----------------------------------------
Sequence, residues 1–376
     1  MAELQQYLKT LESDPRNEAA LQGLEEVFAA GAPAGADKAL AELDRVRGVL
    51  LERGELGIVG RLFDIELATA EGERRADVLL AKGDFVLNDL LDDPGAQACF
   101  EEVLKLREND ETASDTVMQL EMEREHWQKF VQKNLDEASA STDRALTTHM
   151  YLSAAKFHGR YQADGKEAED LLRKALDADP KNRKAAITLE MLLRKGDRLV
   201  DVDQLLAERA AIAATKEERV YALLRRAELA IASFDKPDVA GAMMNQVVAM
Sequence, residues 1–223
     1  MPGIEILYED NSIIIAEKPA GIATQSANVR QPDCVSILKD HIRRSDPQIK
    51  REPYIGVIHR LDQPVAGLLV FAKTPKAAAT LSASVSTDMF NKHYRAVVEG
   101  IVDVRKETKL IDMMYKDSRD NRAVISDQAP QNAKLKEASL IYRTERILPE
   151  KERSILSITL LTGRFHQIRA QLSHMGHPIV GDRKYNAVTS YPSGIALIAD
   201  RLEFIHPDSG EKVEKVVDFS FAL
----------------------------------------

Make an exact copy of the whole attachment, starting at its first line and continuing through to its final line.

Sequence, residues 1–376
     1  MAELQQYLKT LESDPRNEAA LQGLEEVFAA GAPAGADKAL AELDRVRGVL
    51  LERGELGIVG RLFDIELATA EGERRADVLL AKGDFVLNDL LDDPGAQACF
   101  EEVLKLREND ETASDTVMQL EMEREHWQKF VQKNLDEASA STDRALTTHM
   151  YLSAAKFHGR YQADGKEAED LLRKALDADP KNRKAAITLE MLLRKGDRLV
   201  DVDQLLAERA AIAATKEERV YALLRRAELA IASFDKPDVA GAMMNQVVAM
Sequence, residues 1–223
     1  MPGIEILYED NSIIIAEKPA GIATQSANVR QPDCVSILKD HIRRSDPQIK
    51  REPYIGVIHR LDQPVAGLLV FAKTPKAAAT LSASVSTDMF NKHYRAVVEG
   101  IVDVRKETKL IDMMYKDSRD NRAVISDQAP QNAKLKEASL IYRTERILPE
   151  KERSILSITL LTGRFHQIRA QLSHMGHPIV GDRKYNAVTS YPSGIALIAD
   201  RLEFIHPDSG EKVEKVVDFS FAL